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The smart city and wider smart technology sector, like many new sectors, is made of many pioneering converts from its founding industries as well as a new generation of experts born into the field. Few, however, blur the lines between these two groups, and perhaps none more so than MIT professor Carlo Ratti.

An architect and engineer by training, Ratti directs the Senseable City Lab at MIT. He is also a founding partner of the international design and innovation office Carlo Ratti Associati. He graduated from the Politecnico di Torino and the École Nationale des Ponts et Chaussées in Paris, and later earned his MPhil and PhD at the University of Cambridge, UK.

Ratti has been listed as one of Esquire Magazine’s ‘Best & Brightest’, Thames & Hudson’s ‘60 innovators’ shaping our creative future, Blueprint Magazine’s ‘25 People Who Will Change the World of Design’, Forbes ‘Names You Need To Know’, and Fast Company ‘50 Most Influential Designers in America’. He was also featured in Wired Magazine’s ‘Smart List: 50 people who will change the world’ and two of his projects – the Digital Water Pavilion and the Copenhagen Wheel – were included in TIME Magazine’s ‘Best Inventions of the Year’.

This month Professor Ratti spoke exclusively to Memoori, on the development of the sector, the future of urban planning, his upcoming projects and all things Smart City – or “Senseable City”, as Ratti prefers to use.

Why do you prefer “Senseable” over “Smart” city, and how do you see the use of the term developing?

We prefer to use the term Senseable City – instead of Smart City – because it puts the human side, instead of the technology side, at the center. The word Senseable has a double meaning; it means “able to sense” and “sensible”. In fact, the common denominator of all of our projects is the fact that they are focused on people, rather than technology per se. Also, I believe that the term “smart cities” has been overused and sometimes abused over the past few years.

We have noticed that some people have started spontaneously to use the term “Senseable city” instead than “Smart city”. I believe that this is because of the necessity to define a more humanist smart city, which is precisely what our work aims to develop. We are more than happy when this happens, and we do encourage people to use “Senseable city”, also referring to the Lab’s work.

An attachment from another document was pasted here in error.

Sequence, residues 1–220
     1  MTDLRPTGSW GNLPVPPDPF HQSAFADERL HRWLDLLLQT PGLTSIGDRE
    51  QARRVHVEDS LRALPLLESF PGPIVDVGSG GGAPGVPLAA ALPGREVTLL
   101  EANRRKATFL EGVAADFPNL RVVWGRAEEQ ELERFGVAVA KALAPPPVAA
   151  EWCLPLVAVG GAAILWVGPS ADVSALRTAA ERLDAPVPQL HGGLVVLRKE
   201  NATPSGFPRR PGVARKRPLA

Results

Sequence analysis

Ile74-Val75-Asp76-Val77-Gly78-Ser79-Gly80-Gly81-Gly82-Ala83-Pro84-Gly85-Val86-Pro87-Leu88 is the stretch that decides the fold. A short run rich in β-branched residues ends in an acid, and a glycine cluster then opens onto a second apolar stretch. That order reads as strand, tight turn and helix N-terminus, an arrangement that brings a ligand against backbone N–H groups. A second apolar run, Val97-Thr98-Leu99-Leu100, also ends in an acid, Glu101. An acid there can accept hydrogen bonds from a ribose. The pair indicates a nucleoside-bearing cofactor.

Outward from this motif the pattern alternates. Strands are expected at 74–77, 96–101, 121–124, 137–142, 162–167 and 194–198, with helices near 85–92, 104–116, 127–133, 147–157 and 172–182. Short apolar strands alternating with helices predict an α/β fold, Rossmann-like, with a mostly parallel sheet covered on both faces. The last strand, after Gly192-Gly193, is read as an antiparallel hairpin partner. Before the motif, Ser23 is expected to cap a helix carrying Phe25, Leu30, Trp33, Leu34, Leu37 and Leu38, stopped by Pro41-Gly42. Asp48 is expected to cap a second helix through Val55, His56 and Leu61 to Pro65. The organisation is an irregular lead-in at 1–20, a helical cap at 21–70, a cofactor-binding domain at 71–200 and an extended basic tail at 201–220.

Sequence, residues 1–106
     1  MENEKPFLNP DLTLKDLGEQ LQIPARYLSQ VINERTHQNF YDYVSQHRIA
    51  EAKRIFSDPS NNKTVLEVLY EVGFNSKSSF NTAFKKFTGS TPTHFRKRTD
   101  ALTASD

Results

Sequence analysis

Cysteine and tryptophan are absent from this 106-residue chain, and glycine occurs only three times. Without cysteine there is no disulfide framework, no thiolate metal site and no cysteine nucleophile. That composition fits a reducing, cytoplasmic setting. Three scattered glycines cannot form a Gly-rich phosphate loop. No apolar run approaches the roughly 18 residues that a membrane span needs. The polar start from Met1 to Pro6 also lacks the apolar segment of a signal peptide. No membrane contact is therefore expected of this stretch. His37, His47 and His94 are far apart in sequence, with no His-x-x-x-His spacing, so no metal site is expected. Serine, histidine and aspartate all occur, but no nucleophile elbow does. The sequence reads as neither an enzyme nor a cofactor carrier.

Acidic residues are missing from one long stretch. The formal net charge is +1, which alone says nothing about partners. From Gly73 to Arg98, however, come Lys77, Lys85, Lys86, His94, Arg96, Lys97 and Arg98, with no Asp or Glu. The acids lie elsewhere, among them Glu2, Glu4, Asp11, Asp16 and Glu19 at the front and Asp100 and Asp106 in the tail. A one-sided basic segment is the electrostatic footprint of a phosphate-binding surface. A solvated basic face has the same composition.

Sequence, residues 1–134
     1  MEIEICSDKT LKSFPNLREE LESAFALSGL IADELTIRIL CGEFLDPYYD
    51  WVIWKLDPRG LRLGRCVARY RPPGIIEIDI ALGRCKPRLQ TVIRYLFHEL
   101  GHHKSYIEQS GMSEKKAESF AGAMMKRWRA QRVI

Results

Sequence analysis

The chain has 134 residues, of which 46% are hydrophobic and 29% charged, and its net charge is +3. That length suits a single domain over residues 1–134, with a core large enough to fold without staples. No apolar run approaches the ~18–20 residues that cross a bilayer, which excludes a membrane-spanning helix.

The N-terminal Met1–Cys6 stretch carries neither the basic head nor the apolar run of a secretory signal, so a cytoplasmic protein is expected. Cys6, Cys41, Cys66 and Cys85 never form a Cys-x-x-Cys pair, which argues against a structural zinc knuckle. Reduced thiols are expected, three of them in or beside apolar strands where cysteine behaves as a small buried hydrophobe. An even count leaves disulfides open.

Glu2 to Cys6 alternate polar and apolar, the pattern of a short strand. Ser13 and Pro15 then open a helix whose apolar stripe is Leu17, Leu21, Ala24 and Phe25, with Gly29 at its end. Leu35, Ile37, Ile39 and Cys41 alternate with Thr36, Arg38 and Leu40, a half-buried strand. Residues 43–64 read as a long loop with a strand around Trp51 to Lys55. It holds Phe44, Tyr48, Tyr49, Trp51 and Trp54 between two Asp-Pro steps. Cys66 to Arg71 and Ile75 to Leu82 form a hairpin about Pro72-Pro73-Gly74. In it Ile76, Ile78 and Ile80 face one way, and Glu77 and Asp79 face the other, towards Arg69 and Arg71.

How has Senseable City theory come into practice and how has the development of the sector matched your initial expectations?

Our projects always focus on real urban issues – from energy to traffic, from waste to water management or citizen participation. When the Senseable City Lab started around 10 years ago, new technologies were promising exciting transformations in communication, transportation and fabrication. We tried to imagine how these developments could impact urban studies and how the unprecedented interaction of digital and physical would affect the way we understand, design and ultimately live in cities.

A few years down the line we can say that some fields we helped develop have become mainstream. Think about the use of real time information from cell phone networks for urban analysis – it was new when we unveiled it in 2005, but it is now available to everyone via Google Transit. While the key technological trends – Internet becoming Internet of Things or IoT – have remained constant, applications have changed and we kept on exploring new frontiers.

We have covered the on-going debate on city development from the top-down vs bottom-up, regarding citizen and government involvement in the urban design process. How do you see this debate, and the roles of each group?

We like to think about ourselves as agents for urban innovation. I like Herbert Simon’s definition of design: “The natural sciences are concerned with how things are… Design, on the other hand, is concerned with how things ought to be.” If we accept this definition, I think that the role of the designer is about challenging the present and introducing alternate possibilities, paving the way towards the future.

We like to call this paradigm Futurecraft, which is not so dissimilar from Buckminster Fuller’s Comprehensive Anticipatory Design Science (CADS) – a systematic approach to design, “to solve problems by introducing into the environment new artifacts, the availability of which will induce their spontaneous employment by humans and thus, coincidentally, cause humans to abandon their previous problem-producing behaviors and devices.”

Quite interestingly, Buckminster Fuller was using an evolutionary framework for design. In this context, we like to think of the designer as a ‘mutagen’ – an agent that produces mutations and accelerates the transformation of the present into what it “ought to be”.